Research and child welfare programs

The child welfare system is as subject to the winds of fashion as any other field - in my time uniform case records, family-centered practice, intensive preventive services, family group decision-making and concurrent planning and community-based services are among the new approaches that have come and gone. And that's just in New York City. And in fact, now, New York City is moving its large preventive services program to an evidence-based set of programs, though it is not clear that those programs can be replicated here easily.

So it was with some interest that I read Elizabeth Bartholet's article "Creating a Child-Friendly Child Welfare System: Effective Early Intervention to Prevent Maltreatment and Protect Victimized Children." Bartholet is a professor at Harvard Law School, and here she focuses on the prevention of abuse and neglect, criticizing the current climate that values family preservation to the extent possible. She also highlights two promising approaches: early prevention through home visits using a public health model, and early protection - that is, monitoring for children at risk of maltreatment.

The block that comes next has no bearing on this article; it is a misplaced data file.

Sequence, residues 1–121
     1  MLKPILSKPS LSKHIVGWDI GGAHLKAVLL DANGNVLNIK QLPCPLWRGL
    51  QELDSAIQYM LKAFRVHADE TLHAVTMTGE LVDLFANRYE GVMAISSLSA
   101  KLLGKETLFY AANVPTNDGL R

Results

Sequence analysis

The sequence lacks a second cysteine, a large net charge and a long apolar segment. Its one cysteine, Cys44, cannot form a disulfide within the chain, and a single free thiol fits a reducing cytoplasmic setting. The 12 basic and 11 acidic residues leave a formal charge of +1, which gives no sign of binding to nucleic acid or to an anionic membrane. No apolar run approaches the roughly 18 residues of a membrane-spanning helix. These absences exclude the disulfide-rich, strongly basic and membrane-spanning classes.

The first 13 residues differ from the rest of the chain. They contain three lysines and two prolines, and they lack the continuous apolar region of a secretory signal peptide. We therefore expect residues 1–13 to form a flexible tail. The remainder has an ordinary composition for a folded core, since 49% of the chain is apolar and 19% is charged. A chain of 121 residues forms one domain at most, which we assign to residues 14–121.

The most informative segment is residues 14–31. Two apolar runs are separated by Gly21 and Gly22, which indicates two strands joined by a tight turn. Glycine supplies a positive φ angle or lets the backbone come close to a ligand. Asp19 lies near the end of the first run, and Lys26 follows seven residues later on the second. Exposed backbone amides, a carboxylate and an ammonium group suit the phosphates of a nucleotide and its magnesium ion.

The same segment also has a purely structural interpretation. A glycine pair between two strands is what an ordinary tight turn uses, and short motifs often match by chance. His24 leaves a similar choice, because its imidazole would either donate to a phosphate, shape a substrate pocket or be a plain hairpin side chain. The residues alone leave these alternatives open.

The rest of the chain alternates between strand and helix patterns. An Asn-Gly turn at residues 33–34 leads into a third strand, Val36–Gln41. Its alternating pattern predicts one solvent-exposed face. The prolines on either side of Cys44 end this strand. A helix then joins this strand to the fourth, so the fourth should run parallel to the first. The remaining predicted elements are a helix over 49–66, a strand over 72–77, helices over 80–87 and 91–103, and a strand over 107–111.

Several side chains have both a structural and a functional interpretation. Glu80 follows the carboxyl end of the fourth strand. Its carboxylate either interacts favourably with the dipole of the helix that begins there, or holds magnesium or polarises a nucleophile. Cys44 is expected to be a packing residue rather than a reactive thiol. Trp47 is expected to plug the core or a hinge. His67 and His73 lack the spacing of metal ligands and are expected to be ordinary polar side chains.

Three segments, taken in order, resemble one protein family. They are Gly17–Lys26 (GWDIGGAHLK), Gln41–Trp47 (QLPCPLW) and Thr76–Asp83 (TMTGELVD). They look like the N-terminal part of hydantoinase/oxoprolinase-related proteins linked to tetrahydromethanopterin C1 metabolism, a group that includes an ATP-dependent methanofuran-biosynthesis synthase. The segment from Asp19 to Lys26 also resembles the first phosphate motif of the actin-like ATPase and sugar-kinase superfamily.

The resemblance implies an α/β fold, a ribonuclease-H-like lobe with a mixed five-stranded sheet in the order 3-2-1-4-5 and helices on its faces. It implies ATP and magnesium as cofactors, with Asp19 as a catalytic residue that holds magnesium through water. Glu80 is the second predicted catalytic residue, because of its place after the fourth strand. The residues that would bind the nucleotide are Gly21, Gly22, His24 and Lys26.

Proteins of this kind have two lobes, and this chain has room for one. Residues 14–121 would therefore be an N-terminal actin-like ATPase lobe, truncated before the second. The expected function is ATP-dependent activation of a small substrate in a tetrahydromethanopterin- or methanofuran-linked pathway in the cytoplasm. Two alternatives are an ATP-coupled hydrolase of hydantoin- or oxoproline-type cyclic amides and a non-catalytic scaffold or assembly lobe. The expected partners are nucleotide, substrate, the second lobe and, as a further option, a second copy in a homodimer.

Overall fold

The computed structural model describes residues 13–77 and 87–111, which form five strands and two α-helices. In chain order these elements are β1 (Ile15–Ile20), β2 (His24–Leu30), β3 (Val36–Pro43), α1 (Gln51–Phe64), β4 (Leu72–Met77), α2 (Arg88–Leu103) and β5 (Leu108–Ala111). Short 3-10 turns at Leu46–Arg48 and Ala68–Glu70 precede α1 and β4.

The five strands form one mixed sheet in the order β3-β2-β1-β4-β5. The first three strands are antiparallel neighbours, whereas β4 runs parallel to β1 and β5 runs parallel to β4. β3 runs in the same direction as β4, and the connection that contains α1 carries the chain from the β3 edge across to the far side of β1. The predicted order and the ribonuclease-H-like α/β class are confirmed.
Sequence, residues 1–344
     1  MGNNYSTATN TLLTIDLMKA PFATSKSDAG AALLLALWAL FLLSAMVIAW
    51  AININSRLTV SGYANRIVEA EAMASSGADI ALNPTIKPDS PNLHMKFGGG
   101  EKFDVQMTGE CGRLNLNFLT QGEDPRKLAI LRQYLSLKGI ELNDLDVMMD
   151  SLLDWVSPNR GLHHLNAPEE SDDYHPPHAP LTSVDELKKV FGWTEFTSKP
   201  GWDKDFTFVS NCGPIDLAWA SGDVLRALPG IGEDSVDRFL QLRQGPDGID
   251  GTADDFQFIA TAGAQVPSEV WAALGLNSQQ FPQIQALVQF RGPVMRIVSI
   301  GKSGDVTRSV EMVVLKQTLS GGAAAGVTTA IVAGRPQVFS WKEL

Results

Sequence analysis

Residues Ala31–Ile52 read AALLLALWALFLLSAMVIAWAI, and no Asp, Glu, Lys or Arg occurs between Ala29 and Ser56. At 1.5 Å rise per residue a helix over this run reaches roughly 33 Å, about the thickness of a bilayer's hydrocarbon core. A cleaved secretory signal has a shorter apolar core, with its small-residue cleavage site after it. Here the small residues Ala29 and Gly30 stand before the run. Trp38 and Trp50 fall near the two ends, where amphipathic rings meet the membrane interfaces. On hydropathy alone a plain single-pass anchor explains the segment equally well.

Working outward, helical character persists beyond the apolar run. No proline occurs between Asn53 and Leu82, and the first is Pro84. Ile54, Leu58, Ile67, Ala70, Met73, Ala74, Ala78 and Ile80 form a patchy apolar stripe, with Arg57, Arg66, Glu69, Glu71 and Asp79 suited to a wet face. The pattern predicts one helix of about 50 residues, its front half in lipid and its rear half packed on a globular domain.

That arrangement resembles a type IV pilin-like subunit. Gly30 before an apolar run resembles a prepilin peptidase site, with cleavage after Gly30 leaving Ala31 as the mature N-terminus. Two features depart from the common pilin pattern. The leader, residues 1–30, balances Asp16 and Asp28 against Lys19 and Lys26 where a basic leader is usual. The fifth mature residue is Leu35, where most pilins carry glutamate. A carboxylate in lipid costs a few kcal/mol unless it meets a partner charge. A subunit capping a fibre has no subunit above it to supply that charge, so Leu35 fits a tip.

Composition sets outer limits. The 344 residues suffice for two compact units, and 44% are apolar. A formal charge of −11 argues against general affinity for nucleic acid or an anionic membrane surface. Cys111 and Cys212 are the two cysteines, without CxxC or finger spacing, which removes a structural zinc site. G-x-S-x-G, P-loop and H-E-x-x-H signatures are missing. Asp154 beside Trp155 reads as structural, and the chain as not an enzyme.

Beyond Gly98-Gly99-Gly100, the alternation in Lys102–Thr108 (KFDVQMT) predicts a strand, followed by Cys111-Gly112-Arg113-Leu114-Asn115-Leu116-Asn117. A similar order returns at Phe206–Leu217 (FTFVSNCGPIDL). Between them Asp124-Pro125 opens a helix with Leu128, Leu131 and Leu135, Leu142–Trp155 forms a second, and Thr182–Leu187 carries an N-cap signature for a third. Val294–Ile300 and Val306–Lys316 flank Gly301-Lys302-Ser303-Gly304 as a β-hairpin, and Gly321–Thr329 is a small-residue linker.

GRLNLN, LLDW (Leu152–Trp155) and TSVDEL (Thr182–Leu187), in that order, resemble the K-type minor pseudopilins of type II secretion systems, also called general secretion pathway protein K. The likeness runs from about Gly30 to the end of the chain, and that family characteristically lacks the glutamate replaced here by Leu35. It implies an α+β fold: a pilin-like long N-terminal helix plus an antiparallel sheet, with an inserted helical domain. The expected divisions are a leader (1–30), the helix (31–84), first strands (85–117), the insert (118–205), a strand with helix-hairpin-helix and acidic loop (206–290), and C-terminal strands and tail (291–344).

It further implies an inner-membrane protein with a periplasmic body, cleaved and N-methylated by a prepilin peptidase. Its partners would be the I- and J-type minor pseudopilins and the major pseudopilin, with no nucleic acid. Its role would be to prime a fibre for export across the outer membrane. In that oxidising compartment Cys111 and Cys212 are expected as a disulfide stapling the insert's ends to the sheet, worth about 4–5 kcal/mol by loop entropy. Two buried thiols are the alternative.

The problem is, there's a lot of short-term research (some of which Bartholet rightly criticizes) but not enough long-term research: what approach really is better for children. Removal? Foster care? Adoption? Open adoption? Because of ethical problems, we can't do random assignment of children or families into programs, but Bartholet calls over and over for comparative research. She's right. We also need longitudinal research. Long-term research with followups is expensive, but until we have it we will continue lurching from one approach to another - we may call it research-intensive or evidence-based, but Bartholet convincingly shows that most approaches are neither.

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